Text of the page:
(I would also add that, despite your name dropping on another comment thread, I am convinced Stuart Hill would disapprove it, given his previous comments on the Our Islands, Our Future campaign.)

    Reply
  10. Robert Duncan

    I originally posted this comment on another article, but it seems to have been buried away unseen, so I will again direct my question to John Tulloch, Ali Inskter and any other supporters of the ROTI petition:

    Other than offering a bargaining chip, how would the referendum in its proposed form help secure the Aland/Faroe/Crown Dependency style setup that many people, myself included, would like to see? My concern is that the choices do not cover that eventually, we would have a referendum essentially on our own independence, to remain within whatever form Scotland took post-September 18, or to “join” the “rUK”.

    Now, what happens if the referendum is granted, and the option “to become an independent country” is roundly beaten (as I expect it would be)? I worry that would be seen as tacit approval of some form of status quo.

    Reply
    • John Tulloch

      Good point, Robert. Sorry, I didn’t see your question until now.

      I understand the outcomes of the ‘Our Islands, Our Future’ (OIOF) separate negotiations with the two governments are expected to be published in May (Westminster) and June (Holyrood).

      It’s actually becoming clear, from an economic standpoint, that full independence might well provide the greatest and most productive area of Exclusive Economic Zone (EEZ) i.e. sea and sea bed area which might accrue to Shetland/Orkney in the event of constitutional change.

      Like you, I started out thinking full independence was a very long shot but in view of this emerging picture of scale of associated EEZ, independence might well turn out to be, by far, the best option.

      I also agree that many people are not yet ready to consider that, especially, those who are barely aware, if at all, of the OIOF negotiations.

      Taking your point about apparently ratifying the status quo, the alternatives to full independence should be known and, I hope, fully debated ahead of the local referenda, whose timing ROTI have said is moveable, provided it is far enough ahead of ‘Independence Day’ to be implemented simultaneouly with any Scottish/UK constitutional changes.

      Given that the alternatives to independence will be known, any government that puts up an unsatisfactory offering risks, not only, losing their prized strategic, economic asset, they also run the risk of fuelling the momentum of a runaway independence campaign.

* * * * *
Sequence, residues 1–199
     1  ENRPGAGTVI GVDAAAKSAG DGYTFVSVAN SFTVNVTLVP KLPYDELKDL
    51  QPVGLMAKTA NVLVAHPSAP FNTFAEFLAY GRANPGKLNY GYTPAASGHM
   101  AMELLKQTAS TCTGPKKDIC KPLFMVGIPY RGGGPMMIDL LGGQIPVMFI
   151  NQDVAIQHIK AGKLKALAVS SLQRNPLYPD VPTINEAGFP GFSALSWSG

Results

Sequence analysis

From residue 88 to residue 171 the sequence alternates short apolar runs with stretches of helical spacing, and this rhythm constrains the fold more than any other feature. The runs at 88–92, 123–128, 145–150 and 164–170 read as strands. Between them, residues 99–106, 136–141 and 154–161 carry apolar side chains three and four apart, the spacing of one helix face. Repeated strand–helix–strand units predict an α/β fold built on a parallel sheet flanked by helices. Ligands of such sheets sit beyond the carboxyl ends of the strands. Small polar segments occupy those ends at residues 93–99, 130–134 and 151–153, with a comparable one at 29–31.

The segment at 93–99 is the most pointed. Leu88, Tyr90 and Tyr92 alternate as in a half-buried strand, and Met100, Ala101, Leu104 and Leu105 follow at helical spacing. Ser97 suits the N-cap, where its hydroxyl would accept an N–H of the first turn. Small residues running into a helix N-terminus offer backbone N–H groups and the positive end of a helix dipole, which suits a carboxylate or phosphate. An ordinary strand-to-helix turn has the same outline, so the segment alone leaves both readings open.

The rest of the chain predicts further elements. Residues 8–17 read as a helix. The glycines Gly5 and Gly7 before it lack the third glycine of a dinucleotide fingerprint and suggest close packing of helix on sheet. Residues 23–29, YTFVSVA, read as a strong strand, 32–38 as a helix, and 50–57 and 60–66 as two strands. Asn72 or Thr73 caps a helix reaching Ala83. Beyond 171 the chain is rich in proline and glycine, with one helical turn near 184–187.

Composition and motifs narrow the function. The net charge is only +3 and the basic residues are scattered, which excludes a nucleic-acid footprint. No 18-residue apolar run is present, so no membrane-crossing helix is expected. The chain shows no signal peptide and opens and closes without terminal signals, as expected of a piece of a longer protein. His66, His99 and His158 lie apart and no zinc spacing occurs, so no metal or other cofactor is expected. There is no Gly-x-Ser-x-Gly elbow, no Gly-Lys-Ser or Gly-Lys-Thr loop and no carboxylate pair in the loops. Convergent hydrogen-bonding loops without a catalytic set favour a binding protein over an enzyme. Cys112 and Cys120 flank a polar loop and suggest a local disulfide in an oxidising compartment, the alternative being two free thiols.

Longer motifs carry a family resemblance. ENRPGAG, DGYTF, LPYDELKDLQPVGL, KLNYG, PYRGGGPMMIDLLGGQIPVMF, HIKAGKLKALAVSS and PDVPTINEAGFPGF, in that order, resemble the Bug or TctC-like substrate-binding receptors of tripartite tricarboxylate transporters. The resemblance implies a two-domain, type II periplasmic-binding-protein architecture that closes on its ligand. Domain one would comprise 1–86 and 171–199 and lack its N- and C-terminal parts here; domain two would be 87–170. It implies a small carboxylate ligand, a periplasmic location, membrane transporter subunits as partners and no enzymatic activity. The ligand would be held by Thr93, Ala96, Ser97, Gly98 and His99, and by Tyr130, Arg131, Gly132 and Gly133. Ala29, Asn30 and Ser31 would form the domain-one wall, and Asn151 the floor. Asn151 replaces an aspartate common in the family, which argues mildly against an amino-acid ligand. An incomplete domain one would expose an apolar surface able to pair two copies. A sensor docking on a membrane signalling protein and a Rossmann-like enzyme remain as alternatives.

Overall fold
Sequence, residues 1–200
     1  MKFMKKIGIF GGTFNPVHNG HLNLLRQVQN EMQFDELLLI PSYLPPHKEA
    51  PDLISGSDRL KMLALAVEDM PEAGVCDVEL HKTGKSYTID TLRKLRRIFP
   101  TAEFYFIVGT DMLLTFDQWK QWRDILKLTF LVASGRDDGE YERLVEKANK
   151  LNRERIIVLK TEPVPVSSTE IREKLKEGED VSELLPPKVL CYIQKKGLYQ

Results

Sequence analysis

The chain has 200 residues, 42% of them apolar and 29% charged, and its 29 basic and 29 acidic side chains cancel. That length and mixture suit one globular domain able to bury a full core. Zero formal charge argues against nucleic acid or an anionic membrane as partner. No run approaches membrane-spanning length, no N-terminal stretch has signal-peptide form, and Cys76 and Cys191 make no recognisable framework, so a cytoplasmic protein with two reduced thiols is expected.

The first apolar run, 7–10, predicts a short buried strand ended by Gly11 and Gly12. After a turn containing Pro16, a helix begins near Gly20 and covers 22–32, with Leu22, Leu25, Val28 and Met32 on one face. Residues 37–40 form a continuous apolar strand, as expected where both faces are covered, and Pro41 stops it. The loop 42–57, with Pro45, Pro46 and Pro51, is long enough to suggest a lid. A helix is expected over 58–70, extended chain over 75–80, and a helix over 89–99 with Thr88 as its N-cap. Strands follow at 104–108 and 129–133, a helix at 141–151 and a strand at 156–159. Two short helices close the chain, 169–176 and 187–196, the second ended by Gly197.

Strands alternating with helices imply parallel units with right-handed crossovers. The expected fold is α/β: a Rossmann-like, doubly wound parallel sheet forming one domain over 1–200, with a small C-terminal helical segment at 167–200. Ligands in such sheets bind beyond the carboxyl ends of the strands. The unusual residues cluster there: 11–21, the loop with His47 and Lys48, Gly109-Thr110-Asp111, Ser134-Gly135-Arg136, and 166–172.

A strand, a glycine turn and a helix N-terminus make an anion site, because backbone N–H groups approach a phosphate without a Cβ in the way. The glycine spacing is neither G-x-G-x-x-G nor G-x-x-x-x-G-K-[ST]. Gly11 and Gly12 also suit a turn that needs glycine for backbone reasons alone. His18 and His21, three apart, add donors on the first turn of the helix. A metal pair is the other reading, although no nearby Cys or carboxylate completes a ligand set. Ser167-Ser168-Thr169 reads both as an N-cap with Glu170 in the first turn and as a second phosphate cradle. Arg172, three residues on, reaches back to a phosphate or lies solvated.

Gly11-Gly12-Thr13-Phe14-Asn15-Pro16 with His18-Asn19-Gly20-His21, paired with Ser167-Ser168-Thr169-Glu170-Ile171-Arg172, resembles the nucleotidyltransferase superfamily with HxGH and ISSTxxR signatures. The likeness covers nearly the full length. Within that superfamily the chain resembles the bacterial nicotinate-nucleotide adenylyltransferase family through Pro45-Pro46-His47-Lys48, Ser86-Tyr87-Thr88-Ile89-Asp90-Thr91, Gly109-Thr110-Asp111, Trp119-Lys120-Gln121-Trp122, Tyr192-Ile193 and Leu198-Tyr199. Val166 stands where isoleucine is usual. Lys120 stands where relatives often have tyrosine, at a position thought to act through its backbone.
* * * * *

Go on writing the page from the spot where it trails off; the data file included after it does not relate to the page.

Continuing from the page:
I believe a successful independence campaign would open a can of very squiggly, international worms. The Scottish/UK governments will be aghast at the prospect and see it in their interest to avoid that. Why?

      It sounds speculative at present, however, given full independence and accelerating ties with the ‘Old Country’, common fishing and mineral interests, not to mention the ‘wall-to-wall’ vikingry we see around us, might lead us to places our present governments would prefer we didn’t go.

      We would, after all, wish to maintain close ties with a larger power whom we can trust and, given our fishing interests, may not be in the EU.

      Remember, the Norwegian prime minister saw fit to visit Shetland to open the Scalloway Museum on Norway’s National Day, preferring that to a meeting with Alex Salmond in Oslo.

      The way for Scotland/UK to finally secure the Northern Isles, legally, is by gaining the assent of the people who live there, which will become available if government recognises their history, culture and aspirations and delivers an acceptable constitutional package, commensurate with the economic and strategic returns of acquiring legal sovereignty.

      Reply
      • Robert Sim

        I hate to be negative, John, but there appears to me to be very little sign locally of interest in the petition. For example, how many of the signatories live in Shetland? The practical way forward is Our Islands, Our Future. The rest appears to me to be just wishful thinking.

      • Ali Inkster

        There is more interest in the petition than the council would like to admit the problem is that most folk don’t read these pages or those of the Shetland News. If say the Times put it on the front page of the paper and let folk know where and how to sign it, it would gather a lot more signatures. I have a paper version in the local shop and over 90% of folk have signed it when they have been shown it and it has been explained what it is about. Some don’t agree with the way I would vote in any referendum but all would still like the chance to have their say. I would say the council are wrong not to get behind the petition because it would give them a lot more leverage in the negotiations in the our islands our future but more importantly they are wrong not to get behind it because they are supposed to represent the people and the people seem to want it.

      • John Tulloch

        Robert, I’ve said many times, lack of interest in an important subject isn’t a reason to stop speaking out.